Most obviously: If you have a grip -- usually with a hand -- on your partner or your partner has a grip on you (or both have a grip on each other) you can use the connection to pull or push. Note that if your partner has the grip they may elect to release, which is why in jiu-jitsu when grabbed, we often grab back (so that they can't get away).
In principle it is possible to grip with your toes or your teeth, but I will disregard those possibilities for now.
Use of the hands
When gripping, especially when gripping clothing, it is good practice to grip tightly with smallest two fingers (the ring finger and the pinkie), and quite gently with the thumb and the remaining fingers. This prevents over-tensing, increases sensitivity to your partner's movements, and over time strengthens the smaller fingers. This is also the recommended way to grip a sword.
Usually -- there are exceptions -- the shoulders should be relaxed and lowered to allow power to be transmitted more effectively from the core of the body. Elbows may be raised or lowered depending on the situation.
Other ways to push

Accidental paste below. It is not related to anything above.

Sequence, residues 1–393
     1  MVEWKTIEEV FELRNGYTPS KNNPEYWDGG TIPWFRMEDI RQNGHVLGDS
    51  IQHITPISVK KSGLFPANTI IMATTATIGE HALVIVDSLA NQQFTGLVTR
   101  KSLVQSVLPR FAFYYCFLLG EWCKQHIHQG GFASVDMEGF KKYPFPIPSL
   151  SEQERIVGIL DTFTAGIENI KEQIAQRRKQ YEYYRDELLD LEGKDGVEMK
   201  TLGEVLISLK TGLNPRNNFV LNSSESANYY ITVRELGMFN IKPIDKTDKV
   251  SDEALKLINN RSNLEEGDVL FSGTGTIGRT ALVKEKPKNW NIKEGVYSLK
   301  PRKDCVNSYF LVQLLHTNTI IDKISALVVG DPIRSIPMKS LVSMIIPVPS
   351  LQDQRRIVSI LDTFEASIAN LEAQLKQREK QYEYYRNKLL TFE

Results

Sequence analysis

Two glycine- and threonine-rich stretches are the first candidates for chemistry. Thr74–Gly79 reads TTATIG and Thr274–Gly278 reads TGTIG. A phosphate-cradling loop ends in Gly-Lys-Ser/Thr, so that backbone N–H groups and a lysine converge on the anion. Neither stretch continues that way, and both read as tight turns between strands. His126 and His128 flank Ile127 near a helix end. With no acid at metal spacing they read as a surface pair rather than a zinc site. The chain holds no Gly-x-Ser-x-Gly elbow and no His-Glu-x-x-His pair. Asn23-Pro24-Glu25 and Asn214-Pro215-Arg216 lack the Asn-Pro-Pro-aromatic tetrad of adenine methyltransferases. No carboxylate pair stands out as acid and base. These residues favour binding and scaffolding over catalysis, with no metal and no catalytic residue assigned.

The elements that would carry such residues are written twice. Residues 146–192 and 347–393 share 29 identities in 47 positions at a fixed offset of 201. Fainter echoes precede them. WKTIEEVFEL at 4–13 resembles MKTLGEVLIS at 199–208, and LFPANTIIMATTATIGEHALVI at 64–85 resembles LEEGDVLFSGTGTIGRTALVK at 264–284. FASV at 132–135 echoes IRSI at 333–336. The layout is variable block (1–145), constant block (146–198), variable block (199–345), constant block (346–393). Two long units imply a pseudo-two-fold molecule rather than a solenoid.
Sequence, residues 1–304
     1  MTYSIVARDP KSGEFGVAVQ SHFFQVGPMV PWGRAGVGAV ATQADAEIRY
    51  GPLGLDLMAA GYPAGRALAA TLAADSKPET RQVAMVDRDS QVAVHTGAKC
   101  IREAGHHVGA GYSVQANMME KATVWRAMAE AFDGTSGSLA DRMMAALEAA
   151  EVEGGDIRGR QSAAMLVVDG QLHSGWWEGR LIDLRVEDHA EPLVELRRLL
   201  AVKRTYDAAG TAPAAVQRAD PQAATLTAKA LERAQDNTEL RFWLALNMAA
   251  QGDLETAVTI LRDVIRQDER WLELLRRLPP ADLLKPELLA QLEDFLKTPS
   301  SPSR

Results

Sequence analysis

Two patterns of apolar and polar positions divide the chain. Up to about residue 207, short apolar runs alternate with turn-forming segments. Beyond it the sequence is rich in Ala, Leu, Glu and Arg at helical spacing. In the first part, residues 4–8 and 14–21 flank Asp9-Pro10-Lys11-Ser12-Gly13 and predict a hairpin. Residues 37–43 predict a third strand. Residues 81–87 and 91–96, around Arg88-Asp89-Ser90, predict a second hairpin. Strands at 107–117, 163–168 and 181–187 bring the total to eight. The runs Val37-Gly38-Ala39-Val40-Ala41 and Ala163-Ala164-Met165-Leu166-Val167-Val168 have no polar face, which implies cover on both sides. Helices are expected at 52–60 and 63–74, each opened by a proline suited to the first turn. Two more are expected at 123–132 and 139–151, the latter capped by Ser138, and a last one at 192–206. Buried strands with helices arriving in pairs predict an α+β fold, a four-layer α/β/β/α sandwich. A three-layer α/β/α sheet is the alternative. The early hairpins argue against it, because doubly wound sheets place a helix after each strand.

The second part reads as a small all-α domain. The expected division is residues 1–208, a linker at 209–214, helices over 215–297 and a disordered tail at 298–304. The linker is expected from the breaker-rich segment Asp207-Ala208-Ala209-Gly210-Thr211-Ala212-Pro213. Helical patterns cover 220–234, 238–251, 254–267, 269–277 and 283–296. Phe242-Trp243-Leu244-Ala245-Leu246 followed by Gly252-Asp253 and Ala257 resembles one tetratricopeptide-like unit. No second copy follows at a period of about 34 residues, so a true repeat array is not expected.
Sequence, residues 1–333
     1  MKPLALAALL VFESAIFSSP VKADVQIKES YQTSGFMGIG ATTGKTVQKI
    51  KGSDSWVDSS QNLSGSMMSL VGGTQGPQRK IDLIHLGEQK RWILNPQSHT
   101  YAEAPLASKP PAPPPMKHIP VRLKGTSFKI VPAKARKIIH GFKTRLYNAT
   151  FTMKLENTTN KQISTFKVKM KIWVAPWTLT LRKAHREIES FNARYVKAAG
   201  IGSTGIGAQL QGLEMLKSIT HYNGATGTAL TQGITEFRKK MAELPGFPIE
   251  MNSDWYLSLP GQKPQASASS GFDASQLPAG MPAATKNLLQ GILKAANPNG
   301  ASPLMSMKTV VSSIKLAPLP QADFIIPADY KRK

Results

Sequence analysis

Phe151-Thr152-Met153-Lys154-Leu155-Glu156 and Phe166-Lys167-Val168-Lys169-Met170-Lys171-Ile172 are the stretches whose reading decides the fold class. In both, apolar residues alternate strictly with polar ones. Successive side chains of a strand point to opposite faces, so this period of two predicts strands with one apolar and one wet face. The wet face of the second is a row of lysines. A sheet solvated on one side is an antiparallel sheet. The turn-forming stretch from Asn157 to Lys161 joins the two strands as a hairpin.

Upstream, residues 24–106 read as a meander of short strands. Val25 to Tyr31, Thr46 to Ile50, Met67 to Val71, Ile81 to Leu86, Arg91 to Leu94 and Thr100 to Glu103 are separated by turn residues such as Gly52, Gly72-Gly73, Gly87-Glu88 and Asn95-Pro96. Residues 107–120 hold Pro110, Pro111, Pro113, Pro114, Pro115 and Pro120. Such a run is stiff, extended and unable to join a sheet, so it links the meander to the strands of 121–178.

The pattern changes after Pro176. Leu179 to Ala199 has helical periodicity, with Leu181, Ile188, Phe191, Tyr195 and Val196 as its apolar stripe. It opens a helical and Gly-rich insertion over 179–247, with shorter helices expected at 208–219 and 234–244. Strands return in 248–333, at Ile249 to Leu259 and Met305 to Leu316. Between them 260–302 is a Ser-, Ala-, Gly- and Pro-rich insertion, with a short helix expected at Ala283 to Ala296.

In the absence of a grip one can push with almost any surface of the body. Fingers, palms, wrists, forearms, elbows, shoulders, head, chin, chest, stomach, side, hips, buttocks, knees, shins and feet can all be brought into play.
A push can be used to project away or deflect. Of course many a push can be transformed into strikes, but that's another subject.
Other ways to pull
Besides gripping it is possible to pull or draw-in wherever a sufficient angle can be created at a joint. Hooking and trapping describe many of these kinds of actions.
Pushing and pulling at the same time
By using push and pull together we can generate more complex twisting and turning actions. These are more difficult for an opponent to interpret and neutralize than just using push or pull alone.
On a large scale these two-way actions are essential to most throws: We make large circles. On a small scale they contribute to effective joint-locking: We make small circles. Speaking of small circles, here's a taste of Small Circle Jiu-Jitsu founder, Professor Wally Jay (aged 70 at the time of the video):
In his method Professor Jay emphasizes a wrist action similar to how you would turn off a tap; it combines push and pull. You can see the students doing exercises to practice this action, and Professor Jay putting it into effect in many and varied techniques.
There are many, many ways to push and pull. As you can see from the video, push and pull works with sensitivity, timing and flow to produce excellent technique. This is something that you can reasonably aspire to still be doing at age 70 (and beyond).